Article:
Priesthood in Roman Catholicism is rooted in two Old Testament images of priesthood. The first is the high priesthood of Moses' brother Aaron, which exercises three main responsibilities: worship and sacrifice, rendering the divine proclamation, and instruction of the people concerning divine law. The second image derives from God's covenant that names all of Israel a holy people, a royal priesthood. In the sacramental language of the church, the tri-fold leadership component of priesthood is bestowed with Holy Orders, while the corporate sense of priesthood springs from Baptism.
The Christian understanding of priesthood is grounded in Jesus, who is compared with the Levitical high priest in the exalted theology of the Letter to the Hebrews. First Peter also describes the church as a priesthood of believers. In the tradition of the early church, however, there were no individual priests to speak of. Perhaps the term seemed too confusing in a society already inhabited by Jewish and "pagan" priests. Instead, Christian leadership derived from the local bishop, who presided at Eucharist and provided guidance and governance. Each bishop was assisted by local presbyters, and as the church expanded territorially, the roles of presbyters stretched to include presiding at Eucharist. Priesthood, used at the end of the second century to describe the role of the bishop, gradually was extended to include the presbyterate. At this time episcopacy, presbyterate, and diaconate took on their normative divisions of responsibility.
After Constantine legalized Christianity in the 4th century, the orders of clergy took on a greater resemblance to hierarchies familiar to the Empire. Concurrently, the monastery phenomenon was growing in authority, and priesthood began to absorb the monastic ideal of separation from the lay state.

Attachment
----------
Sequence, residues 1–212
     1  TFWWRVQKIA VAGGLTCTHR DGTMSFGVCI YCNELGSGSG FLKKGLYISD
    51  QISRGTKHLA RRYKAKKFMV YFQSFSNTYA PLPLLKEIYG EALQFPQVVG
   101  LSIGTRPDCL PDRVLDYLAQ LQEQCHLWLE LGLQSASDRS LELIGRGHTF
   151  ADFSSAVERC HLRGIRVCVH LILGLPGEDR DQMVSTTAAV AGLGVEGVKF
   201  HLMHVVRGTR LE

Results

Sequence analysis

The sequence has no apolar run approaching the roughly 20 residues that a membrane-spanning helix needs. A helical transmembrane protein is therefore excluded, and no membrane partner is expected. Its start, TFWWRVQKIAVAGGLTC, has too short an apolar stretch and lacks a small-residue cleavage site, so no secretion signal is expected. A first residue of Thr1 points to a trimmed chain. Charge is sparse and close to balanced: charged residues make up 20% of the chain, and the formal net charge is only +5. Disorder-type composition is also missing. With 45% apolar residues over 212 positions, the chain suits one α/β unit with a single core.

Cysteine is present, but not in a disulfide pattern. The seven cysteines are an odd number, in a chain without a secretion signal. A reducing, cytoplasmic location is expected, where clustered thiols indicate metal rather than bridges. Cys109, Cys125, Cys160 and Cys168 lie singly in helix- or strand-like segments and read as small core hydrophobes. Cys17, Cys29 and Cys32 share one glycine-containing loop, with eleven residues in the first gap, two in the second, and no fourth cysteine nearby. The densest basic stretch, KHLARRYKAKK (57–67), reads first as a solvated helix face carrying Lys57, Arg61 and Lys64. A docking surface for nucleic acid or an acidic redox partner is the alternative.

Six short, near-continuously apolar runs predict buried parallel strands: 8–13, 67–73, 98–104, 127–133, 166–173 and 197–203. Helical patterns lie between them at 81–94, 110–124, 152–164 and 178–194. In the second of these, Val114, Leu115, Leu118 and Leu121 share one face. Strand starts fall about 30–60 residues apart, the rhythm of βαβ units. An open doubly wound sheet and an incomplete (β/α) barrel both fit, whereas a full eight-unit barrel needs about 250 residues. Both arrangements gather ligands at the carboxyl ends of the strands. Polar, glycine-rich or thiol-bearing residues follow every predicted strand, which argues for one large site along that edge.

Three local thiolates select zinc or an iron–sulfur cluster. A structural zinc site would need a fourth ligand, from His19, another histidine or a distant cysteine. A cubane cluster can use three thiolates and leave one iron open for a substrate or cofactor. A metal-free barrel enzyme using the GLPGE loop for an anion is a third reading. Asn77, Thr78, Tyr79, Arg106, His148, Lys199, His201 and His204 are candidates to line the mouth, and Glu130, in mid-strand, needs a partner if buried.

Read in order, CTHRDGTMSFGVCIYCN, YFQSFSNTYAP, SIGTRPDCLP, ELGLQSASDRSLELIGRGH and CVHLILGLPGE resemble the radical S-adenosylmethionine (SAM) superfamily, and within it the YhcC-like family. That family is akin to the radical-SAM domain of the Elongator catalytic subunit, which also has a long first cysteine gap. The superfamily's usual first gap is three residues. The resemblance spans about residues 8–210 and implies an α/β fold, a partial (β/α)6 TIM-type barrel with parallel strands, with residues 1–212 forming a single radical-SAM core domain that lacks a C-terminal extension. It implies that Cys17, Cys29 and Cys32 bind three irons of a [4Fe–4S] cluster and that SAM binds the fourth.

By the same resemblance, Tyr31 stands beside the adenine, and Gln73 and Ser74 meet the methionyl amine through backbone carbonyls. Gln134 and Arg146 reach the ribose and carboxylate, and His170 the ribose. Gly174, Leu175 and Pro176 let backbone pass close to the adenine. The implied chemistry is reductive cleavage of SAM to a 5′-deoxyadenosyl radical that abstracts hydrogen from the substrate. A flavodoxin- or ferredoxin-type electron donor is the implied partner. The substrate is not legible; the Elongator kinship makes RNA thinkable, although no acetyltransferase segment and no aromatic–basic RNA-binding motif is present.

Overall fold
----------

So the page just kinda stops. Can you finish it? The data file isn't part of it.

In medieval times, priesthood was increasingly identified with its liturgical powers in the Eucharist, minimizing its ministerial role and relationship to the community. After the Protestant Reformation rejected the non-biblical distinctions between clergy and laity, the Council of Trent (1545-63) upheld and strengthened them. The image of the Catholic priest was heavily reinforced in its distinctive character as the man set apart, both celibate and religious, who evokes the sacrifice of Christ in the actions of the liturgy and in his very being. It took a later Council, Vatican II, to reassert the dignity of the priesthood of the baptized, and to re-present priesthood as an extension of the bishop's pastoral ministry, locally expressed. The three-fold mission of preaching, sacramental ministry, and community leadership rebalanced the service of Holy Orders.
Ministerial Priesthood in the Third Millennium - Ronald Witherup, et. al. (Collegeville, MN: Liturgical Press, 2009)